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Mod Pathol. 2013 Dec;26(12):1586-93. doi: 10.1038/modpathol.2013.68. Epub 2013 May 3.

Chromophobe hepatocellular carcinoma with abrupt anaplasia: a proposal for a new subtype of hepatocellular carcinoma with unique morphological and molecular features.

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Department of Pathology, Johns Hopkins University School of Medicine, Baltimore, MD, USA.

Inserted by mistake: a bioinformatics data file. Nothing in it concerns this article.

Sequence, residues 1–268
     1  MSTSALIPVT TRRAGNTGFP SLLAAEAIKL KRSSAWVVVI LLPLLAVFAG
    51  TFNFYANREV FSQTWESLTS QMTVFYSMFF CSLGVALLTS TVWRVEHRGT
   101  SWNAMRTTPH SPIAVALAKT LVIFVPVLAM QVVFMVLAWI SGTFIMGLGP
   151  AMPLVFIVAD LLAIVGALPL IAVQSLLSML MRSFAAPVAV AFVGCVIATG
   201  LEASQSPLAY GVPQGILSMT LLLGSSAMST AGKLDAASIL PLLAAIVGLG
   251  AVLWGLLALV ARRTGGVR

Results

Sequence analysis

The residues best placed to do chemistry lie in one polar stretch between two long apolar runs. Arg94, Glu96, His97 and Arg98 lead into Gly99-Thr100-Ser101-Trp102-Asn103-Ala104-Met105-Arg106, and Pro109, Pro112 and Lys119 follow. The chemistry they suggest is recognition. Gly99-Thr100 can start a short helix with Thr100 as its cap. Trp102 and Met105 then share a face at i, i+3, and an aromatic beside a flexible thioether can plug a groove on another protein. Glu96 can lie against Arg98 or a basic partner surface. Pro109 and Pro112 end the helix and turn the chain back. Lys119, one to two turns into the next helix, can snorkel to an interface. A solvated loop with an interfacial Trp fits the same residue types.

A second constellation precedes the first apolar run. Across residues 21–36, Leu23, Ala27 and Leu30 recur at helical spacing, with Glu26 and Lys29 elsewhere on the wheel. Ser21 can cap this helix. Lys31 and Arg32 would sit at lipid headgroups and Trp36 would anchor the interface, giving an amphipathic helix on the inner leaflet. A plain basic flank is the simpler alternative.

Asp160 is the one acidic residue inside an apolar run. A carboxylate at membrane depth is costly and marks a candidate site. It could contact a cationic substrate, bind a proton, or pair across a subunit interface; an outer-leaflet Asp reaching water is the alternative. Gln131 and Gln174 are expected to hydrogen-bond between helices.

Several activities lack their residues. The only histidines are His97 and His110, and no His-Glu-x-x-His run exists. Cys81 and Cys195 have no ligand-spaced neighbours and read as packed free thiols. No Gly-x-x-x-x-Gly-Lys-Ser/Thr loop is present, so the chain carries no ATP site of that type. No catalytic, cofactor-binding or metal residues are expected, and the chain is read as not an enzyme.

Hepatocellular carcinomas exhibit heterogeneous morphologies by routine light microscopy. Although some morphologies represent insignificant variations in growth patterns, others may represent unrecognized subtypes of hepatocellular carcinoma. Identification of these subtypes could lead to separation of hepatocellular carcinomas into discrete groups with unique underlying genetic changes, prognosis, or therapeutic responses. In order to identify potential subtypes, two pathologists independently screened a cohort of 219 unselected hepatocellular carcinoma resection specimens and divided cases into potential subtypes. One of these promising candidate subtypes was further evaluated using histological and molecular techniques. This subtype was characterized by a unique and consistent set of histological features: smooth chromophobic cytoplasm, abrupt focal nuclear anaplasia (small clusters of tumor cells with marked nuclear anaplasia in a background of tumor cells with bland nuclear cytology), and scattered microscopic pseudocysts--we designate this variant as 'chromophobe hepatocellular carcinoma with abrupt anaplasia'. Thirteen cases were identified (6% of all hepatocellular carcinomas), including 6 men and 7 women with an average age of 61 years. Six cases occurred in cirrhotic livers. Serum AFP was elevated in 6 out of 10 cases. There were a variety of underlying liver diseases, but cases were enrichment for chronic hepatitis B, P=0.006. Interestingly, at the molecular level, this variant was strongly associated with the alternative lengthening of telomere (ALT) phenotype by telomere FISH. ALT is a telomerase-independent mechanism of telomere maintenance and is found in approximately 8% of unselected hepatocellular carcinomas. In contrast, 11/12 (92%) of the cases of chromophobe hepatocellular carcinoma with abrupt anaplasia were ALT-positive. In summary, we propose that chromophobe hepatocellular carcinoma with abrupt anaplasia represents a new subtype of hepatocellular carcinoma with unique morphological and molecular features.

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